--Mark
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Chuck Liddy, Photographer
Durham | NC | USA | Posted: 6:23 PM on 09.08.11
->> @Mike. I have found by and far over the last several years USPW photographers DO NOT want to speak about their "pay" because there is none. I think they are personally embarrassed about that factor, much more so than worrying about competition.
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Andrew Carpenean, Photographer
Laramie | WY | USA | Posted: 6:50 PM on 09.08.11
->> Thanks G.J. for sharing that.

Mark yes you're right. I've been in a rush most of the day.

Doug, thanks for clarifying.

Allen, you're making more of statement than asking a question. And no its not my intention of putting others out of work. If you have something to directly prove that I am all ears. And no I won't tell you how much I make annually. I don't see any reason to answer that question.

Thank you.
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Michael Proebsting, Photographer
Barrington | IL | USA | Posted: 7:28 PM on 09.08.11
->> "My question is: Are you willing to undercut the competition for a secondary revenue stream with the "new model" if you're putting quality photographers like Darren out of business?"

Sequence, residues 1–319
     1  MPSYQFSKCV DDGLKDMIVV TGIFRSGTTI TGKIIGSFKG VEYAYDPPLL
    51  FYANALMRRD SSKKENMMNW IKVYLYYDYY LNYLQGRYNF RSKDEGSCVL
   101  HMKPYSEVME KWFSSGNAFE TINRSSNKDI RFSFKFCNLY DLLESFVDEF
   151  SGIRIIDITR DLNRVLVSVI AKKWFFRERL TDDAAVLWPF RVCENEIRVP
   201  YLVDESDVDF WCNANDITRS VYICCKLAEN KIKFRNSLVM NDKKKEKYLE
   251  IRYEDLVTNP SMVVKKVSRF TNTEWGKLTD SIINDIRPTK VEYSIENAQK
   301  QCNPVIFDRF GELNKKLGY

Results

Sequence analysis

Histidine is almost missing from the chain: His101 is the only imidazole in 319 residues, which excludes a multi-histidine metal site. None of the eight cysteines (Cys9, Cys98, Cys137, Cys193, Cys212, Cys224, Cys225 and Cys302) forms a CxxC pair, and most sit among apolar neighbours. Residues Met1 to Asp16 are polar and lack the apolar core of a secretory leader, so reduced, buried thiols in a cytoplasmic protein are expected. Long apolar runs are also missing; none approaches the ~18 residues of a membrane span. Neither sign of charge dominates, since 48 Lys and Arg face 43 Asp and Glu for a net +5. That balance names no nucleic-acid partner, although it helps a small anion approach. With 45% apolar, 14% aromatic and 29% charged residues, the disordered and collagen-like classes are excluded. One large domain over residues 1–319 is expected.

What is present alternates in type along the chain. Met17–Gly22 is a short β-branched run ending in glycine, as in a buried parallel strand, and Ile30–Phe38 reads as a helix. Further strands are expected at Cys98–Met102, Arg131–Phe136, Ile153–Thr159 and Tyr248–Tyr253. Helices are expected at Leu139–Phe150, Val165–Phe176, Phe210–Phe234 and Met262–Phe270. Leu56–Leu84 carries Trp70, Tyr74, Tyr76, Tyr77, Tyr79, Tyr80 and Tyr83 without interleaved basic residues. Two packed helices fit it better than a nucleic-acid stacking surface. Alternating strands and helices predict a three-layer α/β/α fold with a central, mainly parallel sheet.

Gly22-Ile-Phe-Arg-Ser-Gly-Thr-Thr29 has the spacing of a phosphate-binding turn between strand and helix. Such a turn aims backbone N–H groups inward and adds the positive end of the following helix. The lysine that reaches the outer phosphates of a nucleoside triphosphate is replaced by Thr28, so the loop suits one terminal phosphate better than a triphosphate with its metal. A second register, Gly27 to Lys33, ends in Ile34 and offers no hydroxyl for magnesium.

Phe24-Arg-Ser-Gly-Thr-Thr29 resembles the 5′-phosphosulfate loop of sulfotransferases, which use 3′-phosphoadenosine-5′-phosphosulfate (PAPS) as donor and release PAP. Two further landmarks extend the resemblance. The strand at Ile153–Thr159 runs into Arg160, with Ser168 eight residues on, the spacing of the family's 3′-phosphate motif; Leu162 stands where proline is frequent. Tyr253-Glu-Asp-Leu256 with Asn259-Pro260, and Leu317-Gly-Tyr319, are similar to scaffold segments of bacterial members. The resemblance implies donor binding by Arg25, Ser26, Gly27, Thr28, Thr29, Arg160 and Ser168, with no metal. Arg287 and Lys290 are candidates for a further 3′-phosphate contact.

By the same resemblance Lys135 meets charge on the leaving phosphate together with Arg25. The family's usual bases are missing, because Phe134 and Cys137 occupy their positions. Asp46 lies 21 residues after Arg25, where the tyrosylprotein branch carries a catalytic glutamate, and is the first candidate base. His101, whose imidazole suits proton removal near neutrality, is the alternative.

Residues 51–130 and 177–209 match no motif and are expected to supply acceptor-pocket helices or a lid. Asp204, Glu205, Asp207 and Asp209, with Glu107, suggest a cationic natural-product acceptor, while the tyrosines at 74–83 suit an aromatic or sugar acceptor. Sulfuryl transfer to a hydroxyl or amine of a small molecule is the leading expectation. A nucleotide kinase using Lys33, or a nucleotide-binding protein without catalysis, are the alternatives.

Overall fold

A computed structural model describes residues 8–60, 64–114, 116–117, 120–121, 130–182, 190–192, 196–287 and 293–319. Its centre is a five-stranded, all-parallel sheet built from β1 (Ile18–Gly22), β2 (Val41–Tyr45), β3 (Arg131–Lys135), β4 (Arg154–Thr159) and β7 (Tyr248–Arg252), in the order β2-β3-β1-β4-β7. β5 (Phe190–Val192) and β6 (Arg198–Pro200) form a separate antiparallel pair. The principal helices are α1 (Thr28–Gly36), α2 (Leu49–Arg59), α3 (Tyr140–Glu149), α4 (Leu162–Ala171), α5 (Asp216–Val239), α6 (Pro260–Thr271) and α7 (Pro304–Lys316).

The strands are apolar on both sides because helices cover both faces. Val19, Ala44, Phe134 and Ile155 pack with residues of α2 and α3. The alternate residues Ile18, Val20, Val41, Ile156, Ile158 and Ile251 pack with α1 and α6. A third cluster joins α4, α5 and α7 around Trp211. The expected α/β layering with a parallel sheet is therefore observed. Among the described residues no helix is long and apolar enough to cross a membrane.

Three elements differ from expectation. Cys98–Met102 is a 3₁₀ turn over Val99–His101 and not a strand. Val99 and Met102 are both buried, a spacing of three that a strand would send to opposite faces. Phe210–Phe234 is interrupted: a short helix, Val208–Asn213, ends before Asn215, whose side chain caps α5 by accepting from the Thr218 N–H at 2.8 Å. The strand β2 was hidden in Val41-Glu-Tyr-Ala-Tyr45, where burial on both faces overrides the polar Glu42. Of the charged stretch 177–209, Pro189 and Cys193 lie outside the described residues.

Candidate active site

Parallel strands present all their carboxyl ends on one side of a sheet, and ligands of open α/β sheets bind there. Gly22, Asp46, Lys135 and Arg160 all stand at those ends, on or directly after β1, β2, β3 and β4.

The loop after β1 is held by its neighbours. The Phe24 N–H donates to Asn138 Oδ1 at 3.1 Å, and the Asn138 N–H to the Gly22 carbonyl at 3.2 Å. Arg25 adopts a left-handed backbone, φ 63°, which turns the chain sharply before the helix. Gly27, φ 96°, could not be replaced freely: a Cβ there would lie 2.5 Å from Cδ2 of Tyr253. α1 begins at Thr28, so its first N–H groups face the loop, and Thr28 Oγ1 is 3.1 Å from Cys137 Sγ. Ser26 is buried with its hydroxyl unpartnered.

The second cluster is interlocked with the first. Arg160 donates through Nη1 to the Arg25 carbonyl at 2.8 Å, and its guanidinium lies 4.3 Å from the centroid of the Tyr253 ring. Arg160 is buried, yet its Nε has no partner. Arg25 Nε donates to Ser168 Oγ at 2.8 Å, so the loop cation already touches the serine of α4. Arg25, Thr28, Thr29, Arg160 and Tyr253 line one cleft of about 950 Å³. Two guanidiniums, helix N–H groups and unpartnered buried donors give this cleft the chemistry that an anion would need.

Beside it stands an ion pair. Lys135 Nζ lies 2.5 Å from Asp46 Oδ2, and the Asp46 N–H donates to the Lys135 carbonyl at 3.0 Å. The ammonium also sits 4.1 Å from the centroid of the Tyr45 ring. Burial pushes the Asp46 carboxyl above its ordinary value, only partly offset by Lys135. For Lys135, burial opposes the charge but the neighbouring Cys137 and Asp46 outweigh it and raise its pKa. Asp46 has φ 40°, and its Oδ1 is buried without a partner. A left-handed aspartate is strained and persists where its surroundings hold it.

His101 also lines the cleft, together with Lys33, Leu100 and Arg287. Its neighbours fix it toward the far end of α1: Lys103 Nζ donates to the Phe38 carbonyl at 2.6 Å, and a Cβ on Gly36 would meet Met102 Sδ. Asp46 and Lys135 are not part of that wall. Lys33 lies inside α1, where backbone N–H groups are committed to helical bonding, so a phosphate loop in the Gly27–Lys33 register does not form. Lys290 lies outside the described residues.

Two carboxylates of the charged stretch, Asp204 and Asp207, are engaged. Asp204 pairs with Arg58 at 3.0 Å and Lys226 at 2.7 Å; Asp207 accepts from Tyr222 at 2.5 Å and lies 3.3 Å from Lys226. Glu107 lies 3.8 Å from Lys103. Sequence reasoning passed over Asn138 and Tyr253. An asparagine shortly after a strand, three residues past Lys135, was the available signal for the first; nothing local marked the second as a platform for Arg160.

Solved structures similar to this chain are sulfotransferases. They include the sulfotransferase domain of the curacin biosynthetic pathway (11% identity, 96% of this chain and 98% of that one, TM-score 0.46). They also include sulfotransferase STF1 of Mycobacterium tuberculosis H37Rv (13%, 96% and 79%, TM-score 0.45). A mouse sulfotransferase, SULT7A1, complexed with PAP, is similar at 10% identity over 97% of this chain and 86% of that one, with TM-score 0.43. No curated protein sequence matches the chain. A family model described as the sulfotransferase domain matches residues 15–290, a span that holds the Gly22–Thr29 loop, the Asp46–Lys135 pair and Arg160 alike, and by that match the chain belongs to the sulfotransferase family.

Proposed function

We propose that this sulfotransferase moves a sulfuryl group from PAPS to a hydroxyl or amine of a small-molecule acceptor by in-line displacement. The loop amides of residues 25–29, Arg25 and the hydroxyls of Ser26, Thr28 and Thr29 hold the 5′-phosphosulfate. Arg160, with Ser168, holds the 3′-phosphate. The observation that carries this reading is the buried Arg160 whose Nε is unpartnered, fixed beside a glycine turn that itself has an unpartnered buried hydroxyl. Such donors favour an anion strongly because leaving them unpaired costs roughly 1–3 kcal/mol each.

Seems like a question to me, just one you don't want to answer.
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George Bridges, Photographer, Photo Editor
Washington | DC | USA | Posted: 7:35 PM on 09.08.11
->> I've been trying not to post here and won't say much about the business practices argument, others have done a good job of that.

I will add a few things on some of the arguments put forth.

As for the "gets your name out there." That argument doesn't fly with me. I'm a person in a position who hires freelancers from time to time, not as often as I wish I could due to budgets, but I do make freelance hires.

When I'm looking for someone in a region where I don't already have someone I'm not likely to hire you because of where your images have run. I'm going to call other photographers and photo editors I know and ask them who they recommend. Over the years I've gotten answers from "they are a great shooter, wish we could hire them full time" to "I would never hire that guy." That is all I need to know. As folks have said, it's your reputation, not necessarily your work that gets you hired. And folks call me asking for references, so how well you have worked with me goes a long way in gaining more paying gigs.

I've spent more than 20 years freelancing for and staffing at wire services. I've had photos in pretty much every paper major news and sport magazine in the U.S., had double trucks in Paris Match, yada, yada, yada. So the traditional resume line of "work has appeared in ......" really means nothing to me.